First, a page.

San Francisco embraced metal’s Metallica and Jerry Garcia’s Grateful Dead.
So why not Front Country, a progressive acoustic band armed with bluegrass instrumentation?
“We’re like mad scientists,” said Melody Walker, lead singer of Front Country.
As if from a Petri dish, Front Country return to Bristol to helm the 1927 Society Concert Series on Saturday. Examine the vibrant band in the intimate theater at the Birthplace of Country Music Museum in Bristol, Virginia.
“Everybody in this band has a music degree either in jazz or classical,” Walker said by phone from Brattleboro, Vermont. “We’re well-versed in string band music. We have a lot of respect for the music.”
Members of what eventually became Front Country met at a bee-hiving café in San Francisco. A jam session underway, they dove in, clicked, and thus began quite a journey. The year, 2011.
“We came together over our shared love of bluegrass and string band music,” Walker said. “We did the RockyGrass (a bluegrass festival in Colorado) in 2012, entered the band competition. We won, and I started our website the next day.”
Quick ascension, right? An EP, “This is Front Country,” emerged in 2013. Only thing, touring did not open up for Front Country until they won a hotly contested band competition in 2013 in Colorado during the prestigious Telluride Bluegrass Festival.
“We were up against The Barefoot Movement. It was really close,” Walker said. “After that, we started doing national touring, slowly.”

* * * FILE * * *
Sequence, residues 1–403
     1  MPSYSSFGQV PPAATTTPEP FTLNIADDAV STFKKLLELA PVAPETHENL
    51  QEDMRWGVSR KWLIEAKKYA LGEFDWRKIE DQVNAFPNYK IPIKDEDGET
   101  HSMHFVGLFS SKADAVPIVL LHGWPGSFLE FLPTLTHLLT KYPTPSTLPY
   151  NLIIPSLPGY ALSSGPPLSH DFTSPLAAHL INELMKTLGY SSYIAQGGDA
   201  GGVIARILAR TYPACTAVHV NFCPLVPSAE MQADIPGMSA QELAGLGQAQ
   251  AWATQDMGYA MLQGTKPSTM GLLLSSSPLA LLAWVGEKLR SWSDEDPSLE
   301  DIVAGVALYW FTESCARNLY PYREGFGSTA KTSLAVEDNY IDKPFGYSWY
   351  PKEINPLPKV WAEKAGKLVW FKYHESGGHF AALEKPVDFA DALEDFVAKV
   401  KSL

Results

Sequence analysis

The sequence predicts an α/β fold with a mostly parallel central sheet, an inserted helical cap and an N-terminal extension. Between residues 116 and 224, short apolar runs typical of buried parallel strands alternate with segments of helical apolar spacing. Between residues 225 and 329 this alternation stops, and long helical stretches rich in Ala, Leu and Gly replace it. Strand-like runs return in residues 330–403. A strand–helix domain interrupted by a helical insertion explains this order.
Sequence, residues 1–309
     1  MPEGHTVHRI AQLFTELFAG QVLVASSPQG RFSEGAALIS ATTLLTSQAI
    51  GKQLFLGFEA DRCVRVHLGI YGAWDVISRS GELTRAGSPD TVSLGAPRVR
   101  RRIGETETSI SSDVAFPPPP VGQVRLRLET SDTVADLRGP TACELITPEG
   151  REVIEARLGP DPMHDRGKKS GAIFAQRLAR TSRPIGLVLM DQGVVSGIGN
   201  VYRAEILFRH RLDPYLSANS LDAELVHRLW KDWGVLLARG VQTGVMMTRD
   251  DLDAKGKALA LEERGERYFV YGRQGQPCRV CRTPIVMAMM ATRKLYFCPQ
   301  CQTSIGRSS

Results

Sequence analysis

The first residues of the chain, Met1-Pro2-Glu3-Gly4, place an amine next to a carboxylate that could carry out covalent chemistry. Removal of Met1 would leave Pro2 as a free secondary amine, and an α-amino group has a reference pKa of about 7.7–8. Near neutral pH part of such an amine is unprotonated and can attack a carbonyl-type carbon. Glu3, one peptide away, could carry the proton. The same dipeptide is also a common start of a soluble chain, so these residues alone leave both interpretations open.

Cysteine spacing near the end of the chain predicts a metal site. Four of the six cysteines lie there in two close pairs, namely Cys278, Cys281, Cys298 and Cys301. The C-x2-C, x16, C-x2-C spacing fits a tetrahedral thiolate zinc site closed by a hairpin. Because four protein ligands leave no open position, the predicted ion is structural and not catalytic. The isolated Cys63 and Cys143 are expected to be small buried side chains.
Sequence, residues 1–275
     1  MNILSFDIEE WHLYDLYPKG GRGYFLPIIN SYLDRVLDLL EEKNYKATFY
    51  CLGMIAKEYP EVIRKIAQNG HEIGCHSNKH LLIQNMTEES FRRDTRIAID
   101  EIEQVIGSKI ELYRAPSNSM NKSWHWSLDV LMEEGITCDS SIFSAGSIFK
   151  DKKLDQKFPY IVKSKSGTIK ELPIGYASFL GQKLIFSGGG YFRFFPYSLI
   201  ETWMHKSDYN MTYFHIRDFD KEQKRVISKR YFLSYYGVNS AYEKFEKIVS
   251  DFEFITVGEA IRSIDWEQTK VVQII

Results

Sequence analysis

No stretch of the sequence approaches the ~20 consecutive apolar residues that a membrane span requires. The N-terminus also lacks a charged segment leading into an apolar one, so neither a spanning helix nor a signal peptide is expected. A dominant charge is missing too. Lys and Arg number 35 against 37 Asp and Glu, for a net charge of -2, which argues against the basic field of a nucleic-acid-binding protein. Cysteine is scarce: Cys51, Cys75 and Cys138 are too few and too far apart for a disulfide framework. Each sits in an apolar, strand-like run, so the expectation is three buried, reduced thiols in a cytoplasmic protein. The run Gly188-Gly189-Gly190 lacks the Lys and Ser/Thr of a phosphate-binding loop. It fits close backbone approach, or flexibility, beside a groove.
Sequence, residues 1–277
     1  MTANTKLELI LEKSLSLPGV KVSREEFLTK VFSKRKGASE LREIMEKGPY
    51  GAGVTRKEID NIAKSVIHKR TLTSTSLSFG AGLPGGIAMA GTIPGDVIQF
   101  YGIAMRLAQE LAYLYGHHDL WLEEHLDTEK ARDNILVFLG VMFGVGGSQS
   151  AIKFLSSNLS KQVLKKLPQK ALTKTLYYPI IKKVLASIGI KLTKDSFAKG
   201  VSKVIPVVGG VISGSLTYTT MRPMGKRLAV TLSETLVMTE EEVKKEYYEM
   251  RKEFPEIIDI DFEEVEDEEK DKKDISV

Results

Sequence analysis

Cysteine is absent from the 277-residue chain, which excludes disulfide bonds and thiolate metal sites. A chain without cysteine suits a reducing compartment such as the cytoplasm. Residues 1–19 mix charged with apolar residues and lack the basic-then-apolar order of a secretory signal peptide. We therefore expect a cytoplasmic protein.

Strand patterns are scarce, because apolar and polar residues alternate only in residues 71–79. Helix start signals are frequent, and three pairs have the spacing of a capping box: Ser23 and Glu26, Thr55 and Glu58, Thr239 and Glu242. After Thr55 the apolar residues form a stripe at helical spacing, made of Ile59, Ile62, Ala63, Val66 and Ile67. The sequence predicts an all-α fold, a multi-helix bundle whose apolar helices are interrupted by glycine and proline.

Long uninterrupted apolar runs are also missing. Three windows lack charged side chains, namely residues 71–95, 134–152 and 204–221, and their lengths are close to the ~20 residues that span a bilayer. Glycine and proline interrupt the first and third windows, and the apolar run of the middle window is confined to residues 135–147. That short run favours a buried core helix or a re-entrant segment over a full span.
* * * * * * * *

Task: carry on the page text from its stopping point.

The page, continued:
Incremental growth in Front Country’s sound accompanied their gradual presence on the national scene. Flowers on the cusp of spring, they blossomed as their warmth spread.
“We’ve been organically evolving as a band, slowly,” Walker said. “The market is flooded with really great music, so we’re really thankful.”
Two full-length albums paralleled Front Country’s rise in public awareness. “Sake of the Sound” dawned in 2014. “Other Love Songs” came ashore in 2017. The latter features an adventurous take on The Carter Family’s “Storms are on the Ocean.”
“I’ve always loved The Carter Family,” Walker said. “That song, the lyrics of it sounds so heavy metal to me. But its melody sounds so sweet. I thought, ‘how about if we make it more bluesy?’ A lot of our fans think it’s a song we wrote.”
No wonder. Front Country retooled “Storms are on the Ocean” with a stamp distinctly their own. That’s their modus operandi, a band steeped in bluegrass instrumentation yet most definitely not a bluegrass band. Given original lyrics or not, they strip down a song’s DNA, apply their own, and tailor it to fit their string band foundation of sort-of-pop music.
Processed? Not a chance. Front Country conjure human music, sounds made strictly by and for humans sans impediments.
“I think people find it refreshing in our digital world,” Walker said. “It’s like the ancient tones, man. It gets people at their core. It blows people’s minds that we can play music without amplification. It’s classic and enduring.”